Socioeconomic status, race, and body mass index: The mediating role of physical activity and sedentary behaviors during adolescence

Margaret D. Hanson*, Edith Chen

*Corresponding author for this work

Research output: Contribution to journalArticlepeer-review

49 Scopus citations

Abstract

Objective: To assess how sociodemographic and activity behaviors contribute to adolescent body mass index (BMI). Methods: One hundred and thirteen adolescents (M = 17 years; 42% Caucasian, 56% African American) were assessed on BMI. Teens reported activity levels and caregivers reported socioeconomic status (SES). Results: Adolescents from lower SES backgrounds, and from minority groups, had higher BMI (r = -.26, p < .01 and t(110) = -3.01, p < .01). Formal statistical mediation tests revealed that sedentary behaviors significantly mediated the association between SES and BMI (Z = 2.31, p < .05), whereas physical activity significantly mediated the race-BMI association (Z = 2.32, p < .05). Conclusions: Interventions targeting teen BMI could benefit by aiming to decrease sedentary behavior in low SES teens and increase physical activity in teens from minority groups.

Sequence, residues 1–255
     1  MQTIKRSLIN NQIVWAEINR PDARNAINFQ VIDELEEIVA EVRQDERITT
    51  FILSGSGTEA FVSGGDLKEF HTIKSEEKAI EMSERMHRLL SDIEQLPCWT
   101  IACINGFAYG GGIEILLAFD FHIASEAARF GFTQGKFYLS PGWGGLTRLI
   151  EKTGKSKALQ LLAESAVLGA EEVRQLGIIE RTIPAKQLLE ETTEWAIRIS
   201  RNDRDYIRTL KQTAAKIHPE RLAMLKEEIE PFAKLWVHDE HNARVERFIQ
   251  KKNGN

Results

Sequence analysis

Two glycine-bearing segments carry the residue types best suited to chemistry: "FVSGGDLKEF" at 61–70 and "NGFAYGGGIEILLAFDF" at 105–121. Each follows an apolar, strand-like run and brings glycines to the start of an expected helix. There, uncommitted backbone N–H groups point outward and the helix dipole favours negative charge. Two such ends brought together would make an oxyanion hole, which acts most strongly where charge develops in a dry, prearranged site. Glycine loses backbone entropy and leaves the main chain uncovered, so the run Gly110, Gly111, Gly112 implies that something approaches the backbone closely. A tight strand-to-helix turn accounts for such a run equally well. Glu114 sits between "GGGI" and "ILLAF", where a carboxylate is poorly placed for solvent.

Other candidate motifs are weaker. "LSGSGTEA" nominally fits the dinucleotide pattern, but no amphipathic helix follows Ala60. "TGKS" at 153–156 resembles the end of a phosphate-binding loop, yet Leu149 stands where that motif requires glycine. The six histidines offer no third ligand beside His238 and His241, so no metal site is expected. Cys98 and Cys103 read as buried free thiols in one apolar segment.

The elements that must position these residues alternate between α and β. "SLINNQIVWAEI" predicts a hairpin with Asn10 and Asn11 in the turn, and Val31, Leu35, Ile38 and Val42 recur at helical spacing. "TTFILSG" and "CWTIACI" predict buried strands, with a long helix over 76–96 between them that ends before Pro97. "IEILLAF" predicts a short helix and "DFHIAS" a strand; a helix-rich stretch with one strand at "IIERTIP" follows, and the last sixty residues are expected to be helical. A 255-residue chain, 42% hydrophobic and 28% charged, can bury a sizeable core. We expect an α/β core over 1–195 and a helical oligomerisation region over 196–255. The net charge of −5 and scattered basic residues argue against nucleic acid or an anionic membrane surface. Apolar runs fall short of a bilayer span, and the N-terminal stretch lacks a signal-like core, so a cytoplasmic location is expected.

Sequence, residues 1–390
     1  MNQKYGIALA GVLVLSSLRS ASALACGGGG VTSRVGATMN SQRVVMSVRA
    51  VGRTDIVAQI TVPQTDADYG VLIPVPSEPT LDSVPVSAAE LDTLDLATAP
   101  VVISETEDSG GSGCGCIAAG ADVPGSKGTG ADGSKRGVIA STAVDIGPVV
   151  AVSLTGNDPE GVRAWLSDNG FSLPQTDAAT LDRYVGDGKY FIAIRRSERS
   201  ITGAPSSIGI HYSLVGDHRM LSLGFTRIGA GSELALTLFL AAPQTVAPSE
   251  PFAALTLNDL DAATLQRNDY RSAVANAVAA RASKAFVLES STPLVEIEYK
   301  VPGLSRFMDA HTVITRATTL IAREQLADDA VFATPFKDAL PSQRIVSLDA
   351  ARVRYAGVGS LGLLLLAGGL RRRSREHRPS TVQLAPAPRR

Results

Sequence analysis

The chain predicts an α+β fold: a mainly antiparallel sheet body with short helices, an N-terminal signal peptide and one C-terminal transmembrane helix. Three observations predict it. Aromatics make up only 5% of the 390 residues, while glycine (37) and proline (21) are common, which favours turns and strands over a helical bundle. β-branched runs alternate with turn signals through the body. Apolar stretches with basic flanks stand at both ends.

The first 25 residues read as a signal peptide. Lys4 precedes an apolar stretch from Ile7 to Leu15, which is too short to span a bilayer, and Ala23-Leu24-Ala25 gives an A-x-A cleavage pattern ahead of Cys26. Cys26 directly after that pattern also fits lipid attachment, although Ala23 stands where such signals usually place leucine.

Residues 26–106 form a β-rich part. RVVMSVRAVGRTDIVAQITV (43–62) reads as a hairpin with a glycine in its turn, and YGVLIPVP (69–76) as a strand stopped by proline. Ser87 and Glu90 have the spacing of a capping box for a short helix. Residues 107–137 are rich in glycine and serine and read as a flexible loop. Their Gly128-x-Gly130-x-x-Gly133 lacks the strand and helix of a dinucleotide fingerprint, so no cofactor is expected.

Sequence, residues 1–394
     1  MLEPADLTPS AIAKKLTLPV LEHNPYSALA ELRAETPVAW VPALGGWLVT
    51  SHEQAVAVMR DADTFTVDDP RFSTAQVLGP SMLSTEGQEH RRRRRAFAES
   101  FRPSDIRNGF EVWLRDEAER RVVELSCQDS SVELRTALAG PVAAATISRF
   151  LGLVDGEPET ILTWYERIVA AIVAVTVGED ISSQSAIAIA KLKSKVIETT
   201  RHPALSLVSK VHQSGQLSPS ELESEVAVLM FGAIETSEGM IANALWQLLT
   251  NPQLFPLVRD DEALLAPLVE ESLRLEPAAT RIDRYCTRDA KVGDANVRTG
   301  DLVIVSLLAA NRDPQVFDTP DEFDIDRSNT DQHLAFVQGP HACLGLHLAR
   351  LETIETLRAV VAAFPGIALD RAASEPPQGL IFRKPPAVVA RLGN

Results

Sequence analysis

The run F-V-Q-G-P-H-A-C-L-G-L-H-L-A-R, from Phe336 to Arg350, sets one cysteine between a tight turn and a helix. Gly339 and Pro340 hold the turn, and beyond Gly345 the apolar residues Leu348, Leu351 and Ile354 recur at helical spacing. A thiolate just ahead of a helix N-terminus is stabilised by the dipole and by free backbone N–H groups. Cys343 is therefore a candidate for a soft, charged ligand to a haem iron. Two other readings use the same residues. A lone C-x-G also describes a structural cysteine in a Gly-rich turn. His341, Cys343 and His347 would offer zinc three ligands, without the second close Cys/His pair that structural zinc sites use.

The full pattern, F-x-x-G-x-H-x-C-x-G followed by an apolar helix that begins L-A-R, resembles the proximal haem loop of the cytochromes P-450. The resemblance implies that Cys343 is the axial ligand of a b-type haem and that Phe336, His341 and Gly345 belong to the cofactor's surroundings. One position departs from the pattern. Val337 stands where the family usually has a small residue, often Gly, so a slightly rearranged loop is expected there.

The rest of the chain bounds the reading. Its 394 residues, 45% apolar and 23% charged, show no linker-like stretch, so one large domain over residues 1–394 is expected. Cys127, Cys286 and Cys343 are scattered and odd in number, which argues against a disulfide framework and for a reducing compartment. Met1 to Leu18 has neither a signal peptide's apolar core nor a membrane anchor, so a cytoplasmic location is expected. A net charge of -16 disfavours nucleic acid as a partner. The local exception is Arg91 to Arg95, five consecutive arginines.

Original languageEnglish (US)
Pages (from-to)250-259
Number of pages10
JournalJournal of pediatric psychology
Volume32
Issue number3
DOIs
StatePublished - Apr 2007

Keywords

  • Adolescence
  • BMI
  • Physical activity
  • Sedentary behaviors
  • Sociodemographics

ASJC Scopus subject areas

  • Pediatrics, Perinatology, and Child Health
  • Developmental and Educational Psychology

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